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Air Quality and Appendicitis

Posted on May 01, 2013
by Wendy Stackhouse

Have you ever had appendicitis? I did a few times when I was a kid–no fun! But I never had my appendix out. I guess it never got so bad that it was about to burst.

A recent study from Canada, however, has linked levels of ozone in the air with higher risk of having a burst appendix. Dr. Gilaad Kaplan of the University of Calgary found that the “risk of a burst appendix rose by 22 percent with every 16 part-per-billion increase in ozone levels over the previous seven days” as reported in this article from LiveScience. The study examined over 35,000 appendicitis patients in a four-year span.

On a typical day, ozone levels can range from 0 to 300 parts-per-billion, which would be thought of as a very unhealthy AQI (Air Quality Index).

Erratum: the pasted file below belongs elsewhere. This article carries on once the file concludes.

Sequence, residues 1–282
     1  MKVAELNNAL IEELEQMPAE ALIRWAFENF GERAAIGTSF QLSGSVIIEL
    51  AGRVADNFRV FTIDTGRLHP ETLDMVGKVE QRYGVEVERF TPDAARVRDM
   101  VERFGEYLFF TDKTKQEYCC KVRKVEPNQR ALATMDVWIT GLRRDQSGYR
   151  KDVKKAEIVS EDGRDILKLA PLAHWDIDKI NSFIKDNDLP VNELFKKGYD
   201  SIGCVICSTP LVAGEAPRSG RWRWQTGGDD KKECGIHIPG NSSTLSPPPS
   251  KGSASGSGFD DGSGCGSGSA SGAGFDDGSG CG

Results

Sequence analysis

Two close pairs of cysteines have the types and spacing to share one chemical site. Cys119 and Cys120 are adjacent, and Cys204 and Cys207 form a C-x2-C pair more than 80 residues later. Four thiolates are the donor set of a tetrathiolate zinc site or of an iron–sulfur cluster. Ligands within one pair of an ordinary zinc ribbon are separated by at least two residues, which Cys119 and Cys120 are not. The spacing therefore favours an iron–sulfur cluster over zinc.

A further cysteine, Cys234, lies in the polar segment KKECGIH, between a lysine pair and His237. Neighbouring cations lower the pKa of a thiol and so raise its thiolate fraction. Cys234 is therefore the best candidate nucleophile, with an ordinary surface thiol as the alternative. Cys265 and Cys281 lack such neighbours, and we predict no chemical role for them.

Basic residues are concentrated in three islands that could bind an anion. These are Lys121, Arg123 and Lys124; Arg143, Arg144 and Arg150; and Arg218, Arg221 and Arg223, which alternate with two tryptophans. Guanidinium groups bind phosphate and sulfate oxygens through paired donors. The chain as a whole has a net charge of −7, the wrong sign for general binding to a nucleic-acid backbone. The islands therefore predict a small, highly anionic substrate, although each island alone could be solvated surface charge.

Approximately 15% of people will get appendicitis in their lifetime. Most of those will have successful appendectomies before their appendicitis gets very dangerous, but a burst appendix is a very dangerous situation which can lead to peritonitis and even death. Minimizing the risk of these complications is yet another reason to improve our air quality.

Ozone is a problem in our outdoor air, but indoor air can be polluted, too, sometimes even at higher levels. That indoor air pollution can cause health problems like allergy and asthma attacks and can contribute to heart disease and other serious illnesses. If you need help keeping your indoor air clean, contact AirTek for a consultation!

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